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Mol Vis. 2009 Nov 13;15:2326-38.

Effect of subconjuctival and intraocular bevacizumab injection on angiogenic gene expression levels in a mouse model of corneal neovascularization.

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  • 1The Krieger Eye Research Laboratory, Felsenstein Medical Research Center, Petah Tiqwa, Israel.



This study sought to characterize the expression of angiogenesis-related genes in a mouse model of corneal neovascularization, either untreated or after treatment with a single injection of bevacizumab by three different routes. In addition, the effectiveness of the treatment was compared to a rabbit model.


A chemical burn was induced in the mid-cornea of the right eye in 119 mice; 56 of them were untreated and 63 were bevacizumab-treated. Neovascularization was evaluated 2, 4, 8, 10, and 14 days later using digital photos, angiography and India ink perfusion. The relative area of new blood vessels was analyzed using slit-lamp examination in vivo and on histological and flat-mount sections. The levels of gene expression involved in the angiogenic process vascular endothelial growth factor [VEGF], insulin-like growth factor-1 [IGF-1], pigment epithelium derived factor [PEDF], and macrophage-inflammatory protein-2 [MIP-2]) were measured by a real-time polymerase chain reaction. Six rabbits underwent the same injury and treatment, and the response was compared to the mouse model.


Neovascularization was first observed two days after injury. The affected section increased from 11.24% (+/-7.0) of the corneal area to 47.42% (+/-25.4) on day 8 and 50.62% (+/-24.7) on day 10. In the mice treated with bevacizumab, the relative area of neovascularization was significantly lower at the peak time points (p<0.005): 24.90% (+/-21.8) on day 8 and 28.29% (+/-20.9) on day 10. Spontaneous regression was observed on day 14 in both groups, to 26.98% (+/-19.9) in the untreated mice and 10.97% (+/-10.8) in the bevacizumab-treated mice (p<0.005). Rabbits also showed peak corneal neovascularization on days 8-10, with significant regression of the vessels following intracameral bevacizumab injection. In the mice, intraocular (intravitreal, intracameral) injection was more effective than subconjuctival injection. VEGF gene expression was upregulated in both the untreated and treated mice, but was slightly less in the treated mice. PEDF gene expression decreased in both the treated and untreated mice. In the untreated group, gene expression peaked (above baseline) at 14 days, and in the untreated mice, it had already peaked by day 8. IGF-1 was upregulated early in the model; at 8 days, there was only a slight change in the untreated group compared to a significant increase in the treated group. MIP-2 was upregulated in both groups in the early stage and returned to baseline on day 14.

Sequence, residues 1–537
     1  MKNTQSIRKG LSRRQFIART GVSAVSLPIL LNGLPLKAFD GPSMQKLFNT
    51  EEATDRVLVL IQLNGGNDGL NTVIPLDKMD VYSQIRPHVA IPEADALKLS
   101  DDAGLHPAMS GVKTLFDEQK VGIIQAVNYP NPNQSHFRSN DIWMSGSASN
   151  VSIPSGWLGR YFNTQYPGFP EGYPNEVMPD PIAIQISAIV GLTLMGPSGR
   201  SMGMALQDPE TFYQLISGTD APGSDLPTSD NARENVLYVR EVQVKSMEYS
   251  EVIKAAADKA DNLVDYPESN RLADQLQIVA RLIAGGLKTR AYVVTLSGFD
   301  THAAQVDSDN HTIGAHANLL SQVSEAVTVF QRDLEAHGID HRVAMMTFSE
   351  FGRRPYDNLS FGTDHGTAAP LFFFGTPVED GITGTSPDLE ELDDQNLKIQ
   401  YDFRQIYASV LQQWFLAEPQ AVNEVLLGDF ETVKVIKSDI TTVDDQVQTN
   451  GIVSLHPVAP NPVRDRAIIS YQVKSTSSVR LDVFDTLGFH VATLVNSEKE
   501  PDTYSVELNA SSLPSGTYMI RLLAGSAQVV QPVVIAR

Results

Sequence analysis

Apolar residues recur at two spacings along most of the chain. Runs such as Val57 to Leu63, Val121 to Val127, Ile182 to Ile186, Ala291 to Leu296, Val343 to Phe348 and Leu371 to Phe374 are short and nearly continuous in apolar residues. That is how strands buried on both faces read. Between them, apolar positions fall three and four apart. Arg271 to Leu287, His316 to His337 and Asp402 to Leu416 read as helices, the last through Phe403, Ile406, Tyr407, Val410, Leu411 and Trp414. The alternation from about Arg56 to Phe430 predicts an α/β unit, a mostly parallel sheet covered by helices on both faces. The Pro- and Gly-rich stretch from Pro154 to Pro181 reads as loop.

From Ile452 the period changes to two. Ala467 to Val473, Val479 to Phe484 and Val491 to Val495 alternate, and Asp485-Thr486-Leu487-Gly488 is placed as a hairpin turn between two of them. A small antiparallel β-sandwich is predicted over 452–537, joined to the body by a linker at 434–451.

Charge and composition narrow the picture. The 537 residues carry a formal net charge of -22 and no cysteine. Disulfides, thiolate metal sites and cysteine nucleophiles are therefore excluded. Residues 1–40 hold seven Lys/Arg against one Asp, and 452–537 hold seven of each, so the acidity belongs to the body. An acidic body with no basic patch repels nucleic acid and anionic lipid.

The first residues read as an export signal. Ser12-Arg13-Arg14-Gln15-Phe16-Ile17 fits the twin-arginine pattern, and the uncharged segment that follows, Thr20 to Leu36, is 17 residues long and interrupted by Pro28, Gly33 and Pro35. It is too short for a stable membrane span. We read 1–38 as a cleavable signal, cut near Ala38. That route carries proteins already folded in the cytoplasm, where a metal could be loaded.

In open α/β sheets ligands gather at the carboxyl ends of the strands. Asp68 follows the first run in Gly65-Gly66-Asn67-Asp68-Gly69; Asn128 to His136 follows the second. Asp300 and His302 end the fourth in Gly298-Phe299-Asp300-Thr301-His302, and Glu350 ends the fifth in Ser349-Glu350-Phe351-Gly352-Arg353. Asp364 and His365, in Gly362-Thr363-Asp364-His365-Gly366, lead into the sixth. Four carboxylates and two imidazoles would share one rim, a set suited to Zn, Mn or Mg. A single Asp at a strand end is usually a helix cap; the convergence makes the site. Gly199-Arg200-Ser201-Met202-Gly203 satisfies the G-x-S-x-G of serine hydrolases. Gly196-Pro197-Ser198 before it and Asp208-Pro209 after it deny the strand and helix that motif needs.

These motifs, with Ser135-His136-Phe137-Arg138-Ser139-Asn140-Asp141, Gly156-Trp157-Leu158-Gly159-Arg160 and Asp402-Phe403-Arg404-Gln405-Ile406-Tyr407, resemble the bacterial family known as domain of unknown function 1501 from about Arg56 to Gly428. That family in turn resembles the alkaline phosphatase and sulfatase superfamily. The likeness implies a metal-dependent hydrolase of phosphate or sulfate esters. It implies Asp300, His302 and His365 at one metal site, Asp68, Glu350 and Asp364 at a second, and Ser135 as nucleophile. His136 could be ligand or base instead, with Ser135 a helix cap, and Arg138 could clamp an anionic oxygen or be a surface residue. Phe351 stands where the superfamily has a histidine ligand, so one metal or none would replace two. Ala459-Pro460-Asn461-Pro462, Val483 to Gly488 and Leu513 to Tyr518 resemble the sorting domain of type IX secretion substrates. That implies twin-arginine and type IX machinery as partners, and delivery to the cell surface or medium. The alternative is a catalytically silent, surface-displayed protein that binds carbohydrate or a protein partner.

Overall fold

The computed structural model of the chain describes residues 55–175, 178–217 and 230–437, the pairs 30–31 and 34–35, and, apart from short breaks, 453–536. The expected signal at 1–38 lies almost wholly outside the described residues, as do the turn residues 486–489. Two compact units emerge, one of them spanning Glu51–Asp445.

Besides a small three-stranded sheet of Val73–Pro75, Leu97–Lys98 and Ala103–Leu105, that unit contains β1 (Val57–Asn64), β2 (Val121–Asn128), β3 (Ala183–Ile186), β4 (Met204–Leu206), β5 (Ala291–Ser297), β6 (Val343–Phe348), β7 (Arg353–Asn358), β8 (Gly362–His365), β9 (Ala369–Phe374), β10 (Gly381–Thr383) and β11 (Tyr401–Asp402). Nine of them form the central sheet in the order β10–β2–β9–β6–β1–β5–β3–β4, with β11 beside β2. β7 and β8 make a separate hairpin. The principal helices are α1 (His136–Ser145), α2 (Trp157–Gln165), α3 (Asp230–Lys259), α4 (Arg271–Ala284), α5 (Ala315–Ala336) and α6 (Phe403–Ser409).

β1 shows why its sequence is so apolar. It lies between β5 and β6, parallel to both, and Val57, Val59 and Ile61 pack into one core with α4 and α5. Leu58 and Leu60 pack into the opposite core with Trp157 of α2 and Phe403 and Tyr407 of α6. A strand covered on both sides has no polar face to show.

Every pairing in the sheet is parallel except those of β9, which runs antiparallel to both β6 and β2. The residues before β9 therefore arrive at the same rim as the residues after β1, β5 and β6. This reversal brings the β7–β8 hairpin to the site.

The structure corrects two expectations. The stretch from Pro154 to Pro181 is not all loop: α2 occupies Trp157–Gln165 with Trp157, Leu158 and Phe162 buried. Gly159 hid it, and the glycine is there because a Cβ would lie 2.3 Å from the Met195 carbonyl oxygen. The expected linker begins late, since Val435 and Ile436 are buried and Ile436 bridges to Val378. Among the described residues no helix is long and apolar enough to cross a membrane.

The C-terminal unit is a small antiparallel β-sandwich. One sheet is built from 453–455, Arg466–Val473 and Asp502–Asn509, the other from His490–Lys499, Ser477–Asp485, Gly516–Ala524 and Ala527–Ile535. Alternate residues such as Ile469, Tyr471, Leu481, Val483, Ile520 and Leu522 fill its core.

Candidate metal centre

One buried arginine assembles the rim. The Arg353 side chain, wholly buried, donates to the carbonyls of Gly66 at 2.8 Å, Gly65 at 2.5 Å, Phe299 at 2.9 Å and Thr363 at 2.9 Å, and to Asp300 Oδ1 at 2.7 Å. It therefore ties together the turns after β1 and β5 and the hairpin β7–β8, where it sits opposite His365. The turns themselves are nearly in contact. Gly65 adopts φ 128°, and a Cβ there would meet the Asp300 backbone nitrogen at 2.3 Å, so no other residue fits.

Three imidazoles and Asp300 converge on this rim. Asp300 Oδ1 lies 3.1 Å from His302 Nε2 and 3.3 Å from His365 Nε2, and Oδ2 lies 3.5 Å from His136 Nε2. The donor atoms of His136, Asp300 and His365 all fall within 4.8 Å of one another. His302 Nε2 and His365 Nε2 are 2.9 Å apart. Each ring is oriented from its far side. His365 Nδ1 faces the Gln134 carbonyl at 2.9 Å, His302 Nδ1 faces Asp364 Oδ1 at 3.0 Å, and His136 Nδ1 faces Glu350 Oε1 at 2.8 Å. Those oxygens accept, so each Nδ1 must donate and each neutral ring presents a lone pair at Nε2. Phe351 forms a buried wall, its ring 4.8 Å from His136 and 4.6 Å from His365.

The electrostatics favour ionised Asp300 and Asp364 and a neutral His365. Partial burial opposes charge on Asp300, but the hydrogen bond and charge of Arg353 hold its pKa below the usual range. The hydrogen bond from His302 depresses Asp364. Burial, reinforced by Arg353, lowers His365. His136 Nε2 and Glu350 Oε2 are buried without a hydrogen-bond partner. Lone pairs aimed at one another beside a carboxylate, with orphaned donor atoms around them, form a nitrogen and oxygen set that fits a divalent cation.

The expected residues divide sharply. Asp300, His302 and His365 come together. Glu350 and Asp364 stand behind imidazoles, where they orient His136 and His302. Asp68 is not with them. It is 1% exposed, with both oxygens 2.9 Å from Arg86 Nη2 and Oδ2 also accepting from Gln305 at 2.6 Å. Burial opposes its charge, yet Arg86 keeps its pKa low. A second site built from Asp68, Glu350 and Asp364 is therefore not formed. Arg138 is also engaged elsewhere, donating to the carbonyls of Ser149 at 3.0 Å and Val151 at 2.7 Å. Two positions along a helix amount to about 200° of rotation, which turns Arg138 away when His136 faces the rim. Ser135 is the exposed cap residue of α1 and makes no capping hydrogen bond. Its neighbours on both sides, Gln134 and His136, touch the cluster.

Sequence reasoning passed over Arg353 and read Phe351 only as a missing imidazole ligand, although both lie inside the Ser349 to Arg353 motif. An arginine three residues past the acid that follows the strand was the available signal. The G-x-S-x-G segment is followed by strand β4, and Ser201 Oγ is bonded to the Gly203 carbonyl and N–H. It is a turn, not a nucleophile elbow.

Bevacizumab treatment partially inhibits the progressive corneal neovascularization induced by chemical damage in a mouse model. Treatment is more effective when administered via the intraocular than the subconjunctival route. The clinical findings are compatible with the angiographic and histologic data and are supported by molecular analysis showing a partial change in expression of proangiogenic genes. The molecular mechanisms involved in corneal neovascularization and inflammation warrant further exploration. These findings may have important therapeutic implications in the clinical setting.

[PubMed - indexed for MEDLINE]
Free PMC Article

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